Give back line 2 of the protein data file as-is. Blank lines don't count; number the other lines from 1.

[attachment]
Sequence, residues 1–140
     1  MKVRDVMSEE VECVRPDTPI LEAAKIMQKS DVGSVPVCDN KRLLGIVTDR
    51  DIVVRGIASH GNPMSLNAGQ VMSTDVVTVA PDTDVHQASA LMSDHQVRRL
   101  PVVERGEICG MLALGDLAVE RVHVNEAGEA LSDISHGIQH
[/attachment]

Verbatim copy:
     1  MKVRDVMSEE VECVRPDTPI LEAAKIMQKS DVGSVPVCDN KRLLGIVTDR